December 31, 2019 / 4:03 PM / a month ago

EU criticizes Bolivia's expulsion of Spanish diplomats

LA PAZ (Reuters) - The European Union said on Tuesday it was “deeply concerned” about Bolivia’s expulsion of Spanish officials caught up in an escalating diplomatic row between Mexico and the interim conservative administration in La Paz.

FILE PHOTO: Bolivia's interim President Jeanine Anez speaks during a news conference at the presidential palace in La Paz, Bolivia December 30, 2019. REUTERS/David Mercado/File Photo

Bolivian stand-in President Jeanine Anez said Monday her administration had asked Mexican ambassador María Teresa Mercado and several Spanish officials to leave the country within 72 hours.

Anez said Bolivia expelled the Spanish diplomats because masked men posing a “security risk” had accompanied the officials on a visit to Mexico´s embassy in La Paz.

“Expelling diplomatic officials is an extreme and unfriendly measure that should be saved for grave situations,” the EU said in a statement.

The EU said it was “deeply concerned over the increasing diplomatic tension” and has demanded further explanation from the Anez government.

Spain’s foreign ministry responded to the expulsion of its officials with a tit-for-tat move, saying it would expel three Bolivian diplomatic staff.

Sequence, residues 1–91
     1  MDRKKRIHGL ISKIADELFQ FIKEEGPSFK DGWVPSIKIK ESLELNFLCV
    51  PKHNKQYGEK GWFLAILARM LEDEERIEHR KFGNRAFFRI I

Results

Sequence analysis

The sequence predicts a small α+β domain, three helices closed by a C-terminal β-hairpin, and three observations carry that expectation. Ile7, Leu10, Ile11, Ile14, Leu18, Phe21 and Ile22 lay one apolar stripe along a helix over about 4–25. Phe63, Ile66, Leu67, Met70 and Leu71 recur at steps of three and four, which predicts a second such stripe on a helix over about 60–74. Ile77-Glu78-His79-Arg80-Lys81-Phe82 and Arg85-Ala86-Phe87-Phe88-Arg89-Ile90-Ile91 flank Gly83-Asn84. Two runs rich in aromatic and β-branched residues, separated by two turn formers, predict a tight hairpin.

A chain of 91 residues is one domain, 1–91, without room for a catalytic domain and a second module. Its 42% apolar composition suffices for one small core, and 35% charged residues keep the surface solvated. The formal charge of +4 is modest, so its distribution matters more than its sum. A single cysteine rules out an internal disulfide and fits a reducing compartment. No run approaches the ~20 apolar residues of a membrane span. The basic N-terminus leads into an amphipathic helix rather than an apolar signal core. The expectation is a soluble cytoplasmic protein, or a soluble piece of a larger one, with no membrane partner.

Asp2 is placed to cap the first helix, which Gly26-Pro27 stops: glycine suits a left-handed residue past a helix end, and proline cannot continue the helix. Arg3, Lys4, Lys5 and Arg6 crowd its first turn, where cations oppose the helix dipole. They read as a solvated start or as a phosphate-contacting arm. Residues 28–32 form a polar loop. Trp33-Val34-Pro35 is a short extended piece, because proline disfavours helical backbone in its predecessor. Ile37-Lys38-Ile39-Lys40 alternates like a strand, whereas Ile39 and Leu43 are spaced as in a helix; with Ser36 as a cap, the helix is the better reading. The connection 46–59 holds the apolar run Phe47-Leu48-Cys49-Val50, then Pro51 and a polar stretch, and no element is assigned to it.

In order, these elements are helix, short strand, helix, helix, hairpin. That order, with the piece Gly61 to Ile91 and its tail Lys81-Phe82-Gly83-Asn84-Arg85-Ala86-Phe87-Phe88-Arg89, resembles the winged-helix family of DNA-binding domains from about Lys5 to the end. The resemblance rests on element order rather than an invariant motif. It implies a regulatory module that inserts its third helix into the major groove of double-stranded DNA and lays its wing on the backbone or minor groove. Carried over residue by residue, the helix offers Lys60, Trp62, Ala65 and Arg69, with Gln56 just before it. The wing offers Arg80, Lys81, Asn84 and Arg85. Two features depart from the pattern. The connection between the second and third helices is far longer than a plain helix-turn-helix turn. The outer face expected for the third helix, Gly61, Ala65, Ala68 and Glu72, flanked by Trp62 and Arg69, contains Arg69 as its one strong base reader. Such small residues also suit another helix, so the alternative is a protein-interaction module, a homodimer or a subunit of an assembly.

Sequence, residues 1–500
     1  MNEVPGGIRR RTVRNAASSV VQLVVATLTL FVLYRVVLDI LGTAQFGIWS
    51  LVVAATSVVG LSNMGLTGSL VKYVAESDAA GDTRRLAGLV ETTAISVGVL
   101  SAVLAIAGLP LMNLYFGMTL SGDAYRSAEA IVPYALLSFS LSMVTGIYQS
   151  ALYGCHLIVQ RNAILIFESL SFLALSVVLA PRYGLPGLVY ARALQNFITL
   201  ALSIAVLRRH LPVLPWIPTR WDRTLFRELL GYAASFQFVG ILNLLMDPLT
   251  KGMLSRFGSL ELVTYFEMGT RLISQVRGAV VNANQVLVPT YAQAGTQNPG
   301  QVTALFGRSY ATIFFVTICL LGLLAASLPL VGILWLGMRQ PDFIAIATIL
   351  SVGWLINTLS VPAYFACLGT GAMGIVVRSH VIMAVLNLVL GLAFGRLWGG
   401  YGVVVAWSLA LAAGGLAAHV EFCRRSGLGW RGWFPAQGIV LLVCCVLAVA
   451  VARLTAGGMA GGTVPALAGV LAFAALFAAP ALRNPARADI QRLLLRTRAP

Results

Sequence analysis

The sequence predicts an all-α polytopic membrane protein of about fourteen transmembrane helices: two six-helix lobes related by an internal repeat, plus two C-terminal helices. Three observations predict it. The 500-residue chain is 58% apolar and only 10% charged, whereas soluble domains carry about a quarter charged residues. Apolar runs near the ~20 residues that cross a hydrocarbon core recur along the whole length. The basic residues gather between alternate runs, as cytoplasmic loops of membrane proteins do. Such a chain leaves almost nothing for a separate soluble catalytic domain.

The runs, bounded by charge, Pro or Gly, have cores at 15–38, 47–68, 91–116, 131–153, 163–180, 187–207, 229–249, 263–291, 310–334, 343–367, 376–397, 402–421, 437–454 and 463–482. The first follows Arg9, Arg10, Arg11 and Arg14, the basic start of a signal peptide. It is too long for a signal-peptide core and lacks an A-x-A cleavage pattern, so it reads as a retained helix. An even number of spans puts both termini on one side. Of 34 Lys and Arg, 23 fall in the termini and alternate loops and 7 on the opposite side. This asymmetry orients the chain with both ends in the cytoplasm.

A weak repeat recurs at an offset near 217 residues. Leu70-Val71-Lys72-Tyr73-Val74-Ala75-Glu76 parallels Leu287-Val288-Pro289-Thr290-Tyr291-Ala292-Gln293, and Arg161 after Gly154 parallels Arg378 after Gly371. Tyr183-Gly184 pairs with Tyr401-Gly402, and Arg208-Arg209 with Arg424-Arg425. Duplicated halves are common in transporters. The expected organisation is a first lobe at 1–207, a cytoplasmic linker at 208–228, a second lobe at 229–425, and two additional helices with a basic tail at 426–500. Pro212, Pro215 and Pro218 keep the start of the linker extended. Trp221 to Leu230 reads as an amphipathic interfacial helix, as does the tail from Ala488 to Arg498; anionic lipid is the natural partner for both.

The row began after Mexico admitted ousted Bolivian President Evo Morales as an exile following allegations he had rigged the country´s October presidential election. Morales is now in Argentina.

Mexico’s embassy in Bolivia has given refuge to nine people, including Morales allies whom the Anez administration blames for stirring up violent protests and wants to put on trial.

Bolivia’s disputed October election sparked widespread, often violent demonstrations. Morales resigned last month in the face of growing civil and military pressure. Anez took over by default, and has made sharp policy shifts away from his socialist government, fraying ties with leftist allies in the region.

Morales claimed he was toppled in a right-wing “coup” and many of his allies have rallied behind him with the country headed for new elections in 2020.

Reporting by Monica Machicao and Daniel Ramos, writing by Dave Sherwood

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